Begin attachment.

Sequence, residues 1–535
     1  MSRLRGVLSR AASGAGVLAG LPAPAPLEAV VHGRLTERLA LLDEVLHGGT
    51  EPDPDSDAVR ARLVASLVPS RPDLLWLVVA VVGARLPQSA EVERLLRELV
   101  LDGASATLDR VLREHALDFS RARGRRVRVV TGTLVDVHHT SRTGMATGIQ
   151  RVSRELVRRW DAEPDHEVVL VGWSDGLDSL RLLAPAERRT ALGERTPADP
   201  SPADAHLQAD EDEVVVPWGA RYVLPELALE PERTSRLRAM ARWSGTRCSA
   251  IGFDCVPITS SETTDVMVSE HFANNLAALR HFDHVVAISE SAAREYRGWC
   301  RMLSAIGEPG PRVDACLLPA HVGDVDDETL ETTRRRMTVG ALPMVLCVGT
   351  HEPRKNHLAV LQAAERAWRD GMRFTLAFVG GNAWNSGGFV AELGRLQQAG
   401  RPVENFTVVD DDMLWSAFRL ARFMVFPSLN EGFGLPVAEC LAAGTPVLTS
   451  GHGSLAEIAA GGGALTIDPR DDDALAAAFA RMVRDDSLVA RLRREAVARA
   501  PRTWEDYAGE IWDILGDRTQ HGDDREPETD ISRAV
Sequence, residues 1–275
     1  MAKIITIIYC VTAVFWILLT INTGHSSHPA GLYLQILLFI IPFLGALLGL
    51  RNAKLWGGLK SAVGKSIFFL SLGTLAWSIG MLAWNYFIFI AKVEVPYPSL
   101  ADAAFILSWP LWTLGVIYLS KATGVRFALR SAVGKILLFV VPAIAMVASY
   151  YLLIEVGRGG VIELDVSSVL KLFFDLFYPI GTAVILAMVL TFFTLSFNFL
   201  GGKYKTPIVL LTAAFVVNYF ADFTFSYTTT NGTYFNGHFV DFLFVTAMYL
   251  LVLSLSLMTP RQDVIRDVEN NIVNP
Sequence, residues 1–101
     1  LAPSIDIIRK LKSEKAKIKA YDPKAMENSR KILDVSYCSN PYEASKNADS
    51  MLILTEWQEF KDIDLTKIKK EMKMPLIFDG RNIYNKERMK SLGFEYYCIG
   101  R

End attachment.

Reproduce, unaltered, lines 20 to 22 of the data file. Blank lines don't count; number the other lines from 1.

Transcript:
Sequence, residues 1–101
     1  LAPSIDIIRK LKSEKAKIKA YDPKAMENSR KILDVSYCSN PYEASKNADS
    51  MLILTEWQEF KDIDLTKIKK EMKMPLIFDG RNIYNKERMK SLGFEYYCIG